“Even though the project exceeded the original budget, the final cost of the project as it was ultimately designed, was of fair value,” Gipson concluded.

Although Councilman Scott Peotter didn’t exactly agree.

Instead of saying, “We got a lot more for our money,” it should be “We got a lot more and we paid for it,” Peotter noted.

Peotter took the most time of the council members to question the project and process, and highlight flaws or concerns that were raised in the report.

He also asked for a comparison of similar projects.

“There are a lot of components and special features of this building that are unique,” particularly because it’s a public building, which makes it challenging to find anything comparable, Gipson said. She agreed to take a “deeper dive” into the comparison.

Newport Beach Civic Center has the “top of the line of everything,” Peotter said, like windows that open depending on the sun and temperature and floor HVAC.

“It’s like people went through a (check) box and said ‘Which one is the most expensive one? Oh I’ll take that,’” Peotter said.

Several council members also raised concerns about the problems found concerning documentation.

It was difficult to gather all the documents and information from multiple sources, Gipson said. There were also missing, incomplete, and conflicting documents. She noted that several areas could not be evaluated due to insufficient information.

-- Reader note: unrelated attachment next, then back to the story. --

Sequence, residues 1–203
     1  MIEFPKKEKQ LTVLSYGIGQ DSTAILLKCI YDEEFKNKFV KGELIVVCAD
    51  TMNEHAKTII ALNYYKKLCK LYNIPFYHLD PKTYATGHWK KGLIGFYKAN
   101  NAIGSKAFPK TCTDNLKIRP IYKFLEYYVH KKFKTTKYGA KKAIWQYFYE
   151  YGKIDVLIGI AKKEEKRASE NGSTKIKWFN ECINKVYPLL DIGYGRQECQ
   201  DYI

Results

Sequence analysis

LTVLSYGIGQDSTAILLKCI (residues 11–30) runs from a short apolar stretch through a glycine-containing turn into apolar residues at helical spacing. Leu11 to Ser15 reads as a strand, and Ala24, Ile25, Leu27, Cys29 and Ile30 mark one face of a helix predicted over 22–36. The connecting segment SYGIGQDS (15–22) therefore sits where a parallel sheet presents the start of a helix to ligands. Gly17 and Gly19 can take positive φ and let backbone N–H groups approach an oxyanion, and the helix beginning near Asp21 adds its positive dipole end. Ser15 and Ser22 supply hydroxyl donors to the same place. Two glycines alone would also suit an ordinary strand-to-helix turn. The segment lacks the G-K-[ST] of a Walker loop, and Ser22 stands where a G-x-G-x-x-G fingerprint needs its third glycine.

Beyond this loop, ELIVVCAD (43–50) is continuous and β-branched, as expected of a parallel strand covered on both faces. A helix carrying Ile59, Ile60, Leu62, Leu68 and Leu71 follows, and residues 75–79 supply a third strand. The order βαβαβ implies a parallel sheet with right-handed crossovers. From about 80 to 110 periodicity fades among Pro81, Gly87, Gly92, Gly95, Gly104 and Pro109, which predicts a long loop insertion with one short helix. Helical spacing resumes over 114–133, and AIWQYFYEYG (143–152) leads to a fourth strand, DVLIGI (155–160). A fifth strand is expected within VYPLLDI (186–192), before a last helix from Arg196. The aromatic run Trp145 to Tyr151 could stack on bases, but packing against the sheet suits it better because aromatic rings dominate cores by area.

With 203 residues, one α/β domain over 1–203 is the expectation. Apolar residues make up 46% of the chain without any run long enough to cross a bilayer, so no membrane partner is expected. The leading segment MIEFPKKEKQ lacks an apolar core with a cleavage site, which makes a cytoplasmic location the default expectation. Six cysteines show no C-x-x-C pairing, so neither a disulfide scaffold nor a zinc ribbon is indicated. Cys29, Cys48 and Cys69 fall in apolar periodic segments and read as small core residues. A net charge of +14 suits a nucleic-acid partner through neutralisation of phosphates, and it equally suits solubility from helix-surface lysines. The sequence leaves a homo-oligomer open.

Proper documentation is key, Peotter noted.

“I find it rather embarrassing to have a project of this magnitude and not have the documentation,” he said.

The audit also found that the city’s decision to hire a program manger was a well-advised decision, Gipson said. For a project of this size and complexity, it was a great idea to have an independent expert work with the city, she noted.

However, having the program manager come from the same company as the construction manager is an inherent conflict of interest, she added.

Curry pointed out that the report does note that “based on the documents reviewed, it does not appear the relationship between the Program Manager and Construction Manager at Risk negatively impacted the city in a significant manner.”

Although that language was meant to be removed from the draft report, Hennessey noted, because they wanted people to come to their own conclusions.

The initial conclusion was that they didn’t see any big, clear issues of conflict, he explained, but it could have been better.

Review of the remaining areas raised issues in several key aspects, including lack of budget control, inadequate or missing documentation, and insufficient project oversight by the city.

“This is why you have audits, to find the errors, find the oversights, see where you can change it and find, potentially, if there has been fraud or overpayments, which looks like there might have been overpayments,” Muldoon said.

For future large-scale construction projects, Gipson recommended that the city develop a comprehensive program/project management policies and procedures for how projects will be documented and control and maintained of documents

She also suggested the city clearly determine the roles of participants and level of authority from the outset, establish fiscal controls to direct the level of detail required prior to payment of invoices, conduct periodic performance audits at project milestones, as well as perform close-out audits, and maintain a complete set of project documents.

Several council members said they would like to finish the audit and move on.

“It is what it is, I’m not here to play the blame game, the past is past,” Dixon said. “I’m focused now, as I was at the beginning that lead to commissioning this audit, that there are lessons to be learned.”